“Creativity is a highfalutin word for the work.”
Making Money with Silhouettes & Plotters
Silhouette designs are easy to produce, rendered quickly for faster money and turnaround, and boast higher sales volume. Additionally, if done properly, silhouette graphics ore very cool to the customer because of the perceived value of a seemingly complex design.
Silhouettes are produced with either a positive or a negative stencil. With negative stencils, you spray the desired color inside the "hole" of the stencil. With positive stencils (which I'll cover in the next issue) the opposite is done-you spray to the outside of the shape or image.
Most of my stencils ore generated from a plotter. This is an advanced and sophisticated integration of T-shirt art, and it is quite high tech. I strongly encourage all shirt artists to explore this technique. It's not only the future-it's the now-so don't delay the inevitable. A good quality plotter capable of cutting stencils (for those of you who may not know, the design is first created on the computer, and then generated from the plotter) costs from $1,500 to $4,000, and the best deals are found through the Internet.
After much searching, I found a perfect image suited for an â€œx-tremeâ€ biking silhouette. It's important to note that I'm always on the lookout for new images, so I frequently archive reference photos for future designs.
NOTE: Detailed instruction on the use of Adobe Photoshop falls beyond the scope of this article. For further information or home-based instruction, I suggest two excellent references: the WOW instructional book series by Peachpit Press, and Adobe's Classroom In A Book.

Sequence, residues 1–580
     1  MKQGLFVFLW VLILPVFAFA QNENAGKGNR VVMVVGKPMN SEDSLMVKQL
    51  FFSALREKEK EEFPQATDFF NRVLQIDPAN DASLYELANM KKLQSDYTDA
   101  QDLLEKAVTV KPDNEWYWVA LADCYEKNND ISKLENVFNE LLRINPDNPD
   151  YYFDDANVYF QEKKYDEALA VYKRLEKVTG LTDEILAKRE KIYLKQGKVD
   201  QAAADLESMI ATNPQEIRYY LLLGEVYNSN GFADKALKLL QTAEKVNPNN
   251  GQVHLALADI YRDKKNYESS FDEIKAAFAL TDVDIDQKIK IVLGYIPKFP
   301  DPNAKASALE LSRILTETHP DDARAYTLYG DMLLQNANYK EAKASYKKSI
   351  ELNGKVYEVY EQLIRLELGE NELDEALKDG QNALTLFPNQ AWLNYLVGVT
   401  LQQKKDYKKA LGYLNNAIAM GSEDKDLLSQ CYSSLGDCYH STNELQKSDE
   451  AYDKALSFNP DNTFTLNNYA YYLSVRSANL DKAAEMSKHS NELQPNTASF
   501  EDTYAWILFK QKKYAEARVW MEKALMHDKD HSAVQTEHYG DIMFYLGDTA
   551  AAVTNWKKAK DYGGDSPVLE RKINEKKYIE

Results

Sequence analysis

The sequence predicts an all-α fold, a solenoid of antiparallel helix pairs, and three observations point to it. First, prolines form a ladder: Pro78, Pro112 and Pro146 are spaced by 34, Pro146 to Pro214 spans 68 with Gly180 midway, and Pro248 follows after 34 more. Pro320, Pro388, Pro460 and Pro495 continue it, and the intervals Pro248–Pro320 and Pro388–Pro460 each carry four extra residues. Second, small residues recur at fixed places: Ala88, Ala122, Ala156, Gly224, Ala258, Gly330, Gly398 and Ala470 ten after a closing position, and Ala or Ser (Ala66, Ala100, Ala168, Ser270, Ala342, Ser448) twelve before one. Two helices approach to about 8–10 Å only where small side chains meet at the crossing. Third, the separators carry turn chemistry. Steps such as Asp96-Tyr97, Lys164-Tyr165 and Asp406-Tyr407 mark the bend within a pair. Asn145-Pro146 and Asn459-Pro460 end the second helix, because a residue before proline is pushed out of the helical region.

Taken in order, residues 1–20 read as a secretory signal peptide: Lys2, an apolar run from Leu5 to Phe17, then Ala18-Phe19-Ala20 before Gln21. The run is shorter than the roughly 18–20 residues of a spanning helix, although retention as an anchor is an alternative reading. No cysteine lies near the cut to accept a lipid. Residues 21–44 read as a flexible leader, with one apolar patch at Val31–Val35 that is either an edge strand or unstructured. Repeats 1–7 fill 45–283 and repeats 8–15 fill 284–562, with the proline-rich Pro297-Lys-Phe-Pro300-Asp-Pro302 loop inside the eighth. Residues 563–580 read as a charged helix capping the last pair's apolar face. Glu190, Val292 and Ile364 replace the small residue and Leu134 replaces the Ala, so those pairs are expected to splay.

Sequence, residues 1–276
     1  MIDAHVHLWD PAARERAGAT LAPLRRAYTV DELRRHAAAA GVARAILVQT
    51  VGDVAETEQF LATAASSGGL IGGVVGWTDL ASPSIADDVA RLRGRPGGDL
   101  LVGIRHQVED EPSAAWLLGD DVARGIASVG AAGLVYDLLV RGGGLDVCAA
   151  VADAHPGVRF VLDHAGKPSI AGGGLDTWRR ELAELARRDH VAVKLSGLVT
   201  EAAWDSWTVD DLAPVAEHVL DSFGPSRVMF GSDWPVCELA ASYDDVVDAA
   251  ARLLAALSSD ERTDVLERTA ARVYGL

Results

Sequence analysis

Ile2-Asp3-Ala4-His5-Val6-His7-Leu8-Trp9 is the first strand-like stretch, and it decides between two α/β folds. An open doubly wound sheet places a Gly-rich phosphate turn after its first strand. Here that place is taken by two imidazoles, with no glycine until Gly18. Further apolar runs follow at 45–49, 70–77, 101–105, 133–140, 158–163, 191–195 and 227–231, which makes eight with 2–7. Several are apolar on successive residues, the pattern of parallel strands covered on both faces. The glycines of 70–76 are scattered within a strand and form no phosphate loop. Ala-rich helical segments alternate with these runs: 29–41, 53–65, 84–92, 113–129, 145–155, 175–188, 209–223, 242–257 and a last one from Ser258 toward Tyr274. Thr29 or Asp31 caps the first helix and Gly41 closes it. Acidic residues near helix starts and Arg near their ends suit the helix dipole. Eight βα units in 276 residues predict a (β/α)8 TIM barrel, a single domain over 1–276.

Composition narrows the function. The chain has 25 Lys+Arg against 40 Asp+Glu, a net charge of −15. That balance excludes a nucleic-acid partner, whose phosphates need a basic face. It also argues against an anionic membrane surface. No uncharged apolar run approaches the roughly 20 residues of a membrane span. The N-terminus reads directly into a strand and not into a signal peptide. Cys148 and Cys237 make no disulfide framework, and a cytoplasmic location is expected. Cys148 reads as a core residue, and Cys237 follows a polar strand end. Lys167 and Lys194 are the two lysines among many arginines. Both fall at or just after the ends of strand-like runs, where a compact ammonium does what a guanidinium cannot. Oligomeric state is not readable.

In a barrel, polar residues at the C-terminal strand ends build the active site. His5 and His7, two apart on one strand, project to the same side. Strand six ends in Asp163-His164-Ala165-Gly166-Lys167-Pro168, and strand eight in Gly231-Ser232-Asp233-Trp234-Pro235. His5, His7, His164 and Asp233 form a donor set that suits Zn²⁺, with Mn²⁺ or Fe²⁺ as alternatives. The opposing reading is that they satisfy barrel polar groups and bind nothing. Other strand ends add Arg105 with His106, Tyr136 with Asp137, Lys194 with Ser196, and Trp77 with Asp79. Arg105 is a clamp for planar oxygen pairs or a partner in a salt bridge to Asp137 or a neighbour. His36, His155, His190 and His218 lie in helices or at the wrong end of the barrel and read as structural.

Scan the photo into the computer. Working in PhotoShop, I used the eraser tool to create a border around the image. The checker-board pattern around the bike indicates the area that ahs been erased.
Using the lasso tool to select and protect the desired area, the background is then erased.
In PhotoShop, I converted the image to black and touched up the irregularities. After floating it, I saved it as TIFF file.
Next, I import the image into my sign program and posterized it to two colors (black and white]. Then I converted it into a vector (a mathematical description of a line).
The vector line image looks like this with its corresponding node and points. These must be adjusted to clean up the image and generate a smooth cutting path.
Here is a perfect example of a finished silhouette with its designated stencil components. The black area represents the first section of the stencil to be used, and the red area is used next.
This i s my Allen Datagraph plotter processing the Lexan Polycarbonate sheeting (.010 thickness). This is without a doubt the most time saving item I have ever purchased for my shop.
The material is scored (not cut completely through) to protect the blade from cutting into the plotter bed. The scored material easily breaks along its edge. I left some of the pieces intact so you could see the difference.
Pictured here is a line drawing of the stencil.
Spray adhesive is lightly applied to the back of the stencil and affixed to the surface.
I used opaque black to fill in the silhouete of the bike and shaded the knobbies of the tire track.
The balance of the knobby tire track is airbrushed with light brown.
To prevent tearing, gently peel the stencil from the surface.
The detailed area shown earlier is colored in red on my computer screen. Then it is positioned accordingly.
Opaque blue is airbrushed into the detail area and used to defeat the black.
The stencil is carefully removed and our biker is beginning to look way cool.
Using transparent blue, I create a soft halo around the design. This i s best accomplished by spraying from about ten inches or more from the surface.
Using a spray can as a stencil is a convenient way to create the sun or the moon. I spray yellow around it until it blends with the blue.
Here's the result. Next comes the stippling. Did you know the technique of deflecting sprayed paint off a clothespin originate from shirt artists? It i s used frequently in many other airbrush applications, too.
For stippling smaller grain patterns, the pin and airbrush are held closer to the surface. For larger stippling spots and patterns, the equipment is held farther back. Simply experiment to find your desired range.
Scratch letters look way cool and are among the easiest and fastest to airbrush, not to mention that it matches the "x-treme" feeling of the design.
Here, red i s used to outline "Jacob and underline "X-treme.â€ Finally, the white highlights are added.